My wife had a friend from America round this morning. She hasn't seen her for a while. The friend had a young, shy daughter. I was about to head out, but the post had just arrived and I opened it in the kitchen just as I was saying hello.
I opened one exciting looking envelope to discover that it contained a copy of the Bookazine "Railways and the Holocaust". I had purchased it online as I thought it might work as stand up material, but no one would believe that the magazine (sorry bookazine) was real if I didn't show it to them. I was a bit worried that my wife's friend might see that I had bought this death pornography and assume I was some kind of despicable idiot. So I quickly put the envelope over the cover and backed out of the kitchen to find somewhere to hide the magazine so it wouldn't be found when I was out. But in a way being discovered hiding a copy of "Railways and the Holocaust" is worse than blatantly brandishing a copy. I wasn't sure it was worth all this shame - especially when later on the routine went down to few laughs at my gig that evening.
I had nothing to be ashamed of. I had a reasonable explanation. And anyway if I want to buy a bookazine dedicated to two strange and only tangentially connected topics then that is up to me. But I was still ashamed and I still hid it.
I went out for lunch with a friend that I hadn't seen for a few years (it was a day of reunions). We got talking about death and the afterlife. She disagreed with me that for pleasure to exist we must have pain - I was arguing that an eternity of pleasure would mean pleasure lost its meaning. But she said that her daughter was pretty much always happy and had never experienced pain. Which is a good point. I still think an eternity of bliss (or of pain if you went to Hell) would mean that those experiences lost their meanings.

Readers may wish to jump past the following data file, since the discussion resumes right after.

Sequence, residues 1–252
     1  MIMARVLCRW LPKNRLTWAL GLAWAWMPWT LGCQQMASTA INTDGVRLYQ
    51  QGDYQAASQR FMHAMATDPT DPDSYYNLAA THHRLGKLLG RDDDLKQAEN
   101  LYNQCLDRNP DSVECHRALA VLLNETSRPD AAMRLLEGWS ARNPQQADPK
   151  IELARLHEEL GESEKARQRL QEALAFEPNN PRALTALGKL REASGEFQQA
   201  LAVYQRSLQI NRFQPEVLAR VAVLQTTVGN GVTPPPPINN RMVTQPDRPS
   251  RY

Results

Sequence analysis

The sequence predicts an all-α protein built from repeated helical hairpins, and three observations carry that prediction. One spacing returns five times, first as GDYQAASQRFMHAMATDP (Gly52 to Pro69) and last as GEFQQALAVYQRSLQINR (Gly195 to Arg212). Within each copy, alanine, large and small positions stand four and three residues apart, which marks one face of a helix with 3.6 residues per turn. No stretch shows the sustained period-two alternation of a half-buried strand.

But she also had some interesting theories about the start of the Universe. According to Andrei Linde, a Russian physicist, it could be be possible for a member of a civilisation not much more advanced than ours to create a universe in a laboratory. I've often thought that if there had to be a creator then there is no reason that he or she or it would be all-seeing or immortal or good. According to Linde, it only takes a 100,000th of a gram of matter to create a Universe. That's "enough to create a small chunk of vacuum that blows up into the billions and billions of galaxies we see around us." All the matter in the universe is created by the negative energy of the gravitational field. He says, "We can't rule out the possibility that our own universe was created by someone in another universe who just felt like doing it..... The new universe would expand into itself. Its space would be so curved that it would look as tiny as an elementary particle to its creator."
So maybe God doesn't intervene in anything because he or she or it doesn't know there's so much there. But it still doesn't answer the question "Who created God? And who created whoever created God? And so on to infinity."
I hope we are all part of an experiment or characters in a video game. It would at least mean we were here for some reason, if only a spurious or accidental one.
If that is how you make a Universe then I am absolutely certain that if a human being gets a chance to make one, he or she or it will. I know I would if I could only find a thousandth of a gram of matter I'd do it right now. And I would rule over my Universe like a tyrant and definitely when the inhabitants were least expecting it squash the entire thing between my fingers. It's my universe. I created it and I can do what I like to it. Worship me stupid creatures of my tiny Universe, believe me to be good and kind. But the reason bad things happen to good beings is cos I don't give a fuck about you really. Ha ha ha ha ha.